Sep 102018
 

20 Things: Curio Shop & Pawnbrokers (system neutral)

This installment of the #20 Things-series clocks in at 11 pages, 1 page front cover, 2 pages of advertisement, 1 page editorial/ToC, 1 page SRD, 1 page back cover, leaving us with 5 pages of content, so let’s take a look!

 

Curio shops are laces I really adore IRL – there is something I enjoy about the uncertainty they represent in our structured “everything-always-available” world that makes them appeal to me; in media, there are plenty of examples wherein curio shops and pawnbrokers represent plot points, angles and exciting environments. As such, it’s pretty odd that so few supplements capitalize on how cool these can be.

 

This pdf begins with a nice little introduction + designer’s commentary before introducing us to 6 sample customers to encounter within a curio shop. As always for the series, the write-ups are depicted as a fluff-only write-up, noting suggested races and classes in brackets alongside the suggested alignment. A minor inconsistency here would be that the classes referenced here represent a blend between the old-school and new school monikers: We read, for example, “thief” instead of “rogue”, but also “wizard” instead of “magic-user.” Personally, I consider this to be a cosmetic glitch and not of particular importance, but some folks might mind.

 

The 6 customers presented include, obviously, petty criminals, but also the desperate and the devious – this is an interesting cadre of folks, and all have their own encounter/adventure-hook hard-coded into their write-ups. Speaking of hooks and the like: The pdf then proceeds to provide an array of no less than 10 different hooks and complications. These include being accused of theft, the owner closing shop soon and more…let’s say…direct encounters, like raiding thieves, discovering something unique, etc. The selection here is pretty diverse and nice.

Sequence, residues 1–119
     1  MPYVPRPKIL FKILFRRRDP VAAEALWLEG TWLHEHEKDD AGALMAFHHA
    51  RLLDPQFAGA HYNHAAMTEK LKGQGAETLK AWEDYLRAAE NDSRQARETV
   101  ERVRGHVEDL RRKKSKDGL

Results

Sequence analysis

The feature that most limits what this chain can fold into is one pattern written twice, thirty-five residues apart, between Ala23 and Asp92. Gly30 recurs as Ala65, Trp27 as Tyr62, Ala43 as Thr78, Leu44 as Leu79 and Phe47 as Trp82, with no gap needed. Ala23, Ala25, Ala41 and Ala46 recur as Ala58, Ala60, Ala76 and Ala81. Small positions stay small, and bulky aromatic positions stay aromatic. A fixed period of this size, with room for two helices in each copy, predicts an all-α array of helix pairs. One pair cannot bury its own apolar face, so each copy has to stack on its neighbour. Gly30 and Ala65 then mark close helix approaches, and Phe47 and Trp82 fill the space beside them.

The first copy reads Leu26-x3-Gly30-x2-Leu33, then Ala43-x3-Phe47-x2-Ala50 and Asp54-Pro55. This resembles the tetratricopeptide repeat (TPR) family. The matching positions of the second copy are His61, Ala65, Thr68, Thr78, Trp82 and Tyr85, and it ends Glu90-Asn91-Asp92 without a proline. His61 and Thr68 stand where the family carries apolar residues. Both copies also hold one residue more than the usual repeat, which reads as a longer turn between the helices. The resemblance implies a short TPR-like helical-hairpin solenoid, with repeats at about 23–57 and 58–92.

Of course, such shops always become lively and plausible by the knick-knacks to be found within, and every GM is bound to run out of them sooner or later; thankfully, the pdf does offer plenty of unique odds and ends: From well-worn rabbit’s foot to desiccated spiders and black patches with maps drawn on the inside, these are truly inspiring and most of them honestly would be things I’d get for decorations IRL. 20 pieces of bric-a-brac and useless junk and 6 weapons to be found complement the array of items to add some rich color to ye olde curio shoppe. This is not to mean that these are truly useless, mind you: A charred credit note lacking the section where it reads who extends it would be interesting and anything but useless – at least in a world where magic can repair items…And a holy symbol of a local deity may hint at a weird heresy hiding nearby…And what sword once featured that onyx-skull pommel? The value of these is contextualized and not necessarily immediately apparent, but from a narrative perspective, they are gold.

 

The same, obviously, may be said about the actually valuable final 20 items within – here, gp values are often provided, and a choker with an inscription hinting at an abusive relationship or juicy master/slave-play could very much provide an interesting find for more than one group.

 

Conclusion:

Editing and formatting are top-notch, I noticed no glitches. Layout adheres to an elegant, minimalist 2-column b/w-standard, and the pdf sports a couple of really nice b/w-artworks. The pdf comes fully bookmarked for your convenience, and the pdf comes in two different versions, one of which is optimized for screen-use, and one is optimized for printing it out.

 

Creighton Broadhurst’s take on curio dressing is truly inspired: All those weird little items and strange finds tell of old stories, opportunities and possibilities. Considering the wealth of information properly running a curio shop can require from the GM, this dressing file constitutes a godsend for most folks and lives up to its potential. I, for one, would love to see a sequel, perhaps even a larger book with magical curiosities? Oh well, as a whole, this is definitely worth getting. My final verdict will be 5 stars + seal of approval.

 

You can find this great little dressing file here on OBS!

 

You can directly support Raging Swan Press here on patreon!

 

Endzeitgeist out.

 

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